“Department stores only carry a limited line of Edo Kiriko, the lower priced products which sell easily. I wanted to celebrate the entire culture of Edo Kiriko and show people a wide range of products,” Hirota explained his rationale for starting his showroom.

At Sumida Kiriko-kan, they specialize in the Otomo family style which has a history dating back four generations. While some traditional crafts are dying off, Hirota is committed to not letting traditional Japanese glasswork end with a whimper. “We must take responsibility for training a younger generation of craftsman who know all the traditional techniques. Yet they have to create new frontiers that meet the needs of current society,” says Hirota.

Some innovations at Sumida include using Edo Kiriko as lampshades. There are also glass mugs capable of holding hot beverages. An intriguing type of tumbler originating at Sumida is the 11-sided glass – something only made possible by hand. The uneven number of sides allows for light and color to reflect through the glass in a more spectacular way. Another innovation here is a prism etched with the Tokyo Sky Tree in it. Another Sky Tree motif is the series of tumblers designed with a vertical lattice symbolizing the structure of the new landmark tower nearby standing 634 meters tall.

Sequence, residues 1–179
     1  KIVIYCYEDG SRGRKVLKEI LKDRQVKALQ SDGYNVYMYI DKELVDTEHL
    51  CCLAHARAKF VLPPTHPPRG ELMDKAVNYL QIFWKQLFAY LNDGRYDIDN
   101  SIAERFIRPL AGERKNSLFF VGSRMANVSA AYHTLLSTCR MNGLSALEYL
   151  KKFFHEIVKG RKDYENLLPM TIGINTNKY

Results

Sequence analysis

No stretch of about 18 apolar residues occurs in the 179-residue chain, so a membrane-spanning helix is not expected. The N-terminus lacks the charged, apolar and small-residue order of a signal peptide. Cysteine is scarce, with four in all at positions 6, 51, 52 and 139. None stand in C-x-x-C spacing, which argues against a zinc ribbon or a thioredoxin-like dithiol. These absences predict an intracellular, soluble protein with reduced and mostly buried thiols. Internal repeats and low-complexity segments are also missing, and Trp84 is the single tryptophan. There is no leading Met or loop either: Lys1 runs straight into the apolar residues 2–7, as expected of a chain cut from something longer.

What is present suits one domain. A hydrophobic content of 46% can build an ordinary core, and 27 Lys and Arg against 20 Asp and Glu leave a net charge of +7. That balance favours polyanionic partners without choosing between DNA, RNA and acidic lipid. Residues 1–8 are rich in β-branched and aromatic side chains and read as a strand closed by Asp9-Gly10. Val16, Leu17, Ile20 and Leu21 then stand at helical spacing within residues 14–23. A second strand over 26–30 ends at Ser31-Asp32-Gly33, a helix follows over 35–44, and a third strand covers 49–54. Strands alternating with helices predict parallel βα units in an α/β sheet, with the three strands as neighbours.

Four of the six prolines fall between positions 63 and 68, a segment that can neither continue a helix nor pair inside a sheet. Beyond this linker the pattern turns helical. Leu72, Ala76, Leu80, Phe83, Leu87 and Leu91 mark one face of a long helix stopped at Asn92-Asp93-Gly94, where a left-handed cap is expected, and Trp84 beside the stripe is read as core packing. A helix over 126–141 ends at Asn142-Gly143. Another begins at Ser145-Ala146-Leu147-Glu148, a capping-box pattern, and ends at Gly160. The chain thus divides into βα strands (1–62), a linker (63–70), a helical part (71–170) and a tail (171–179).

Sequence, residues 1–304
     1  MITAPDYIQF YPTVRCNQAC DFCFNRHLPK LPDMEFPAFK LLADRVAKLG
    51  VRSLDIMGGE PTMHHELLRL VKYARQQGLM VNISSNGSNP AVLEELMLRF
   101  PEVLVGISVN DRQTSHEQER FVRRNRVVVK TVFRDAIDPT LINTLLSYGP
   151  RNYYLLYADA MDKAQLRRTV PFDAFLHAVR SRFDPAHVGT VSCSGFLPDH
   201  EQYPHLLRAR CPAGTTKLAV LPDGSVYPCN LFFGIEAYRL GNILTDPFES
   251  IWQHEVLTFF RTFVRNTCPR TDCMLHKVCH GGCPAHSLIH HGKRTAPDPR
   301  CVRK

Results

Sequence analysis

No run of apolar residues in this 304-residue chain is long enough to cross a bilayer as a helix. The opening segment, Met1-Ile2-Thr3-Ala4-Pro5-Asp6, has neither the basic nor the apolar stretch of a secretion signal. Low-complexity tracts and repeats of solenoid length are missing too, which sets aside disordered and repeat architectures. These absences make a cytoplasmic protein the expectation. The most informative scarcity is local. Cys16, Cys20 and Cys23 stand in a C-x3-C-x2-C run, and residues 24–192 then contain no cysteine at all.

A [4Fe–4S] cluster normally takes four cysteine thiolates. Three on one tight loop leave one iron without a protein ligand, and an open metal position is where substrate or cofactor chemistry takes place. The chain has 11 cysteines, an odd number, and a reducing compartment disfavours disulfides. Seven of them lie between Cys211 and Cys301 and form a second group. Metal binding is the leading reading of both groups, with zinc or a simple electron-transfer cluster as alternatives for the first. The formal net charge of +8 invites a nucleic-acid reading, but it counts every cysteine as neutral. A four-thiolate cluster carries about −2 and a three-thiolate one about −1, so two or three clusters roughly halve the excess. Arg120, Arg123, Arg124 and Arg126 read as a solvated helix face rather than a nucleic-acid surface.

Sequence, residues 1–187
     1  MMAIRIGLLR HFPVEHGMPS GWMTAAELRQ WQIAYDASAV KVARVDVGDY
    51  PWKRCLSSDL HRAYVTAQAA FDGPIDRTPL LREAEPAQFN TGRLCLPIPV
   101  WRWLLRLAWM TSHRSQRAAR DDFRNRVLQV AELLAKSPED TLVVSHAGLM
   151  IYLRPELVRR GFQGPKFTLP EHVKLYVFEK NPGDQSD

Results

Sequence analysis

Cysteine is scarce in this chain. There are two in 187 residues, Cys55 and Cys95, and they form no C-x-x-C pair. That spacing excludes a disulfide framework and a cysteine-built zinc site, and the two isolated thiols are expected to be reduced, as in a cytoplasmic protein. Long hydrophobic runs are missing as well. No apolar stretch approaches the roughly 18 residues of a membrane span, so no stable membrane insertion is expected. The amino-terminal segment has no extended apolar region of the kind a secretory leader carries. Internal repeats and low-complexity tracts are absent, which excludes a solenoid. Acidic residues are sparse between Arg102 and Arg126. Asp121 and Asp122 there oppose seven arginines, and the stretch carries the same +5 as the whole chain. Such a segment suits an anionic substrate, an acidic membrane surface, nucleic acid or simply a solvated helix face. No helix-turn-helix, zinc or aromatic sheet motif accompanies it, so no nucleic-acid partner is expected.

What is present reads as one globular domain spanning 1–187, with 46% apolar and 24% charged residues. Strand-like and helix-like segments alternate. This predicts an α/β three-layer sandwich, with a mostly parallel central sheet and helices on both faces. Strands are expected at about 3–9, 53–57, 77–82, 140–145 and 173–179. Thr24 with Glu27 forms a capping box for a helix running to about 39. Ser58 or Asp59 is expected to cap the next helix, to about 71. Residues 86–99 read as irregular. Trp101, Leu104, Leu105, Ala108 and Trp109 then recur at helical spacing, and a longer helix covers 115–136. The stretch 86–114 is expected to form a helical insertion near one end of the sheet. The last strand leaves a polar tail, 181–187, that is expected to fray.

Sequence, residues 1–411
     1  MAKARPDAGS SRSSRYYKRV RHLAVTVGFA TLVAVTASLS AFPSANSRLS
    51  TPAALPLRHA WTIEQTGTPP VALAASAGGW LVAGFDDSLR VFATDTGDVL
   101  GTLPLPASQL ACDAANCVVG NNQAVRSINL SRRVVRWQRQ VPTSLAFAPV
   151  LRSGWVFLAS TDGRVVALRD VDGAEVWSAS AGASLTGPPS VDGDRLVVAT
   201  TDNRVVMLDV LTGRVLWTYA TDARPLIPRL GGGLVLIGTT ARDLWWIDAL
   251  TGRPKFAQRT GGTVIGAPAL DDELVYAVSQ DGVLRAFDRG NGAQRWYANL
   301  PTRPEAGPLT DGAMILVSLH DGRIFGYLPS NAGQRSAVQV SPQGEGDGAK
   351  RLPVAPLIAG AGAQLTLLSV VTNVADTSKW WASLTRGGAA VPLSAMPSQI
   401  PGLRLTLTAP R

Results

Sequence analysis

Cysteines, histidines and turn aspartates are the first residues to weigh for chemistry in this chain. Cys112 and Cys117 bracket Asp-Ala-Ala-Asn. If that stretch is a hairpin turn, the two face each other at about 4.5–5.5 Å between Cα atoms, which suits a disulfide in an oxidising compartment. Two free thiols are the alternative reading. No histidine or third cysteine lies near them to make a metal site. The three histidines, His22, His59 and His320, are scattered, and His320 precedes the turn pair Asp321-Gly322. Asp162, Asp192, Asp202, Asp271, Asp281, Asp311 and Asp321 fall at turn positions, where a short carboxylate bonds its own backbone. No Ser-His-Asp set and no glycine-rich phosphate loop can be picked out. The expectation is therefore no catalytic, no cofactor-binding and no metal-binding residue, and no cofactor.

Sample of Cinderella’s glass slipper custom
ordered by a famouse amusement park

 While there are affordable glasses perfect for souvenirs and home use available, the showroom attracts visitors who can gaze at the more unique items – such as Cinderella’s glass slipper. Indeed, Hirota Glass had the honor to make a glass slippery for a display at Tokyo Disneyland. Using the Edo Kiriko style, a decorative piece straight out of a fairy tale was created here.